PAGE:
According to HR magazine 23 million people over 16 volunteer at least once a year. How would they feel if they were to be ‘forced’ to do it? It doesn’t quite sound right does it?

With a new Conservative majority government comes the possibility that businesses with over 250 staff in the public sector will have to give staff up to three days a year for voluntary work. Should small businesses start thinking the same way about employee volunteering?

Is there a benefit to employee volunteering schemes?

There’s plenty of smaller companies out there who offer their employees a couple of days a year to volunteer, but does it actually help with employee motivation? Especially if you actually ‘force’ it on them…

As the article from HR magazine suggests, there is in fact evidence to suggest that paying people to volunteer almost takes the point out of it for many people. Their motivation decreases, as does their productivity, and it would make sense that this would only get worse if volunteering were made compulsory.

In a further article by HR magazine, the writer Ann Pickering (HR director at O2) makes a good point that should be heeded by any employer looking to bring in their own volunteering scheme – “Employers need to foster an environment that encourages people to view social responsibility as just as important as their daily tasks”. Couldn’t have put it better ourselves.

How should you handle employees volunteering?

So if you’re looking to implement an employee volunteering strategy in your workplace, it’s worth thinking about whether:

  • making it compulsory will impact on employee motivation and output – after all they’re representing your business!
  • your staff already volunteer in their own time. If they don’t, and are looking for an opportunity to help find something they will enjoy, the scheme might be ideal, but if they do chances are it will fall flat

Once you’ve implemented the strategy, it is also a good step to put in some sort of recording mechanism in place. Not anything too ‘Big Brother’, just an agreement with the organisation with which they volunteer to help you ensure they worked as you would expect, or that they even turned up! After all, it’s a paid day out of the office.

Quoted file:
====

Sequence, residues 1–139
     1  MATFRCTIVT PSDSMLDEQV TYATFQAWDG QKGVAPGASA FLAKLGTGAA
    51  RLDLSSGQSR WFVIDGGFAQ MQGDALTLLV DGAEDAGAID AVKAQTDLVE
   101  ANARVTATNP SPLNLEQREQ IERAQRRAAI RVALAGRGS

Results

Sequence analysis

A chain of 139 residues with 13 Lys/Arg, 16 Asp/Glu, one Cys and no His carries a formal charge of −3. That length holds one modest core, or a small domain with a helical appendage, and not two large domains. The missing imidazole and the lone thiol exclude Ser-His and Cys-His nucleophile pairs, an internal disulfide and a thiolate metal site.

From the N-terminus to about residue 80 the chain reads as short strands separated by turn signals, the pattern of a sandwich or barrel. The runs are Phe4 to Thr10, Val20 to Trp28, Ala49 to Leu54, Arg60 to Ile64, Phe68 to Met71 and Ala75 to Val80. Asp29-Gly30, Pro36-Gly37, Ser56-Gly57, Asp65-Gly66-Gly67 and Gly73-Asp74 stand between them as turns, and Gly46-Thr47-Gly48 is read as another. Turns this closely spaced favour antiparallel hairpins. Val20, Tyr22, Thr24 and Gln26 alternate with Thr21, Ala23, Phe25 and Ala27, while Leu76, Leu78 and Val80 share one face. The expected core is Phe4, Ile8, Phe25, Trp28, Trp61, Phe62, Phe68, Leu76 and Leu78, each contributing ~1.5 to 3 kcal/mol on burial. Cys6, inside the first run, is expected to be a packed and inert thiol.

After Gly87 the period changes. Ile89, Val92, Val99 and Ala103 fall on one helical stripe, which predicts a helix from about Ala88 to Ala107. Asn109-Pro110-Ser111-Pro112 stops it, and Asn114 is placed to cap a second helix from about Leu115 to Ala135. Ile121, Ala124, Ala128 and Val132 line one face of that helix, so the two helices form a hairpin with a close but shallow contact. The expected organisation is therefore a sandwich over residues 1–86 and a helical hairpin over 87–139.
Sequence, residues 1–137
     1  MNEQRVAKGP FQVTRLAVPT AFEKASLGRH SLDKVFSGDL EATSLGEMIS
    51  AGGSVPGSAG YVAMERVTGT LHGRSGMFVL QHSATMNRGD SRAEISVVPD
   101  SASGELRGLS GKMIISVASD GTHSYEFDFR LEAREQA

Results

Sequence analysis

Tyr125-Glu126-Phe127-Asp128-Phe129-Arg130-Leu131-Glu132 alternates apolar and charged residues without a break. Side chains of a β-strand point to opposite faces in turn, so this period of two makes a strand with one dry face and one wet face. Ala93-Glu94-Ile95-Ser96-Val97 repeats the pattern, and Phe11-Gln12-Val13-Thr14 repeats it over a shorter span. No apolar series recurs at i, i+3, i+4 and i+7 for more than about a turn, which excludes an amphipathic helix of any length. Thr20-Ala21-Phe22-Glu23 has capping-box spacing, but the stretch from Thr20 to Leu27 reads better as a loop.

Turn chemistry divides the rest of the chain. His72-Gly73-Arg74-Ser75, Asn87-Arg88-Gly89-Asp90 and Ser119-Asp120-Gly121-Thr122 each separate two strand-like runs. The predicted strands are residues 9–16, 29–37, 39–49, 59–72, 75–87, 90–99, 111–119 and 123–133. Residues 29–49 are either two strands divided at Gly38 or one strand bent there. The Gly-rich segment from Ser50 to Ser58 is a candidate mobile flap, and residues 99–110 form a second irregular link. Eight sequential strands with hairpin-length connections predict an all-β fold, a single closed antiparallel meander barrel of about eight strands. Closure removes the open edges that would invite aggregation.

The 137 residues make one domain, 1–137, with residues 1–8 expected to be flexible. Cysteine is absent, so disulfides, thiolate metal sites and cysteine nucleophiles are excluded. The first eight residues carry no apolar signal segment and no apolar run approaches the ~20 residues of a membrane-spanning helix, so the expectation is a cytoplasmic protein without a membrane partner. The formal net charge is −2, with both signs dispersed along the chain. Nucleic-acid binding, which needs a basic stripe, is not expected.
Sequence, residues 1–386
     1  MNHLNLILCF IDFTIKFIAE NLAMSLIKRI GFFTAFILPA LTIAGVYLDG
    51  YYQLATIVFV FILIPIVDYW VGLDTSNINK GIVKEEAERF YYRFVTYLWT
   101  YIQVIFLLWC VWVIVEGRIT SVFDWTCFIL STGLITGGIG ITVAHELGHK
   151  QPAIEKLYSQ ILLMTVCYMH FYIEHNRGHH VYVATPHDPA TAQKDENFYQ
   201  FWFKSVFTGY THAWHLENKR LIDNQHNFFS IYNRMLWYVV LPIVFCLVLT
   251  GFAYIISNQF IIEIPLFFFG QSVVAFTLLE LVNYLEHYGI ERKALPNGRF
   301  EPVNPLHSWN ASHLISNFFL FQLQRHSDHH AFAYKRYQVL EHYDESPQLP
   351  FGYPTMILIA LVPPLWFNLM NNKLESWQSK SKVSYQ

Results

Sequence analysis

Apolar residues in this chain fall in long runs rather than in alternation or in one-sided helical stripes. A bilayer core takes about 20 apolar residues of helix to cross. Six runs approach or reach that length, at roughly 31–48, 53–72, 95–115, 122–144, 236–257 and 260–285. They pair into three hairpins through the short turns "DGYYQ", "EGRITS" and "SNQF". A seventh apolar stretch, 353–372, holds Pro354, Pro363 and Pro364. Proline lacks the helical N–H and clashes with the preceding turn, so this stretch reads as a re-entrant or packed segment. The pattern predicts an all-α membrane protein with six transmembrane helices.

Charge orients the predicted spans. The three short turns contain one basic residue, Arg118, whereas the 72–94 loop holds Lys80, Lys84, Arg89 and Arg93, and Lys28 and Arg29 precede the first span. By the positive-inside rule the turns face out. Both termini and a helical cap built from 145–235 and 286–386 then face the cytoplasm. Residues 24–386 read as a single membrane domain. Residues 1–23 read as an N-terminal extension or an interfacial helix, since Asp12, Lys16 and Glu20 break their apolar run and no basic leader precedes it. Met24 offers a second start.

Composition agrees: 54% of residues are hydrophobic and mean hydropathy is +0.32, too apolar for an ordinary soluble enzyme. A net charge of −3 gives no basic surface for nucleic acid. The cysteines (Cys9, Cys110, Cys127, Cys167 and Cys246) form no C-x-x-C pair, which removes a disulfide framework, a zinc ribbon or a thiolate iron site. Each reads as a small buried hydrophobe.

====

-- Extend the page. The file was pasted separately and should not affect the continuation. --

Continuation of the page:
Also help your staff to understand, as with their job role, what is expected of them in terms of output and behaviour when they are working as a volunteer on behalf of your business. This will help you to manage them more effectively as they represent your company outside the confines of the office.

The positives of employee volunteering

A survey of volunteers by the Institute for Volunteering Research found that the majority of people who volunteer enjoy the experience, 97% saying that getting satisfaction from seeing the results of their volunteering was an important benefit, 98% citing enjoyment, and 93% saying they felt they achieved something personally.

Therefore, handling employee volunteering in the right way could well be a boost to your staff, both in terms of job satisfaction and even mental wellbeing. Two potentially major benefits to your staff and business, at the cost of just a couple of days work.

At the end of the day, deciding whether to introduce volunteering to your workforce is entirely dependent on your business situation. You may not have the time to devote to something that is only going to deliver a marginal, and indirect, benefit to your business.

However, it can be a great way to help staff enjoy working for you, and gives back to your local community. So it’s certainly worth considering…

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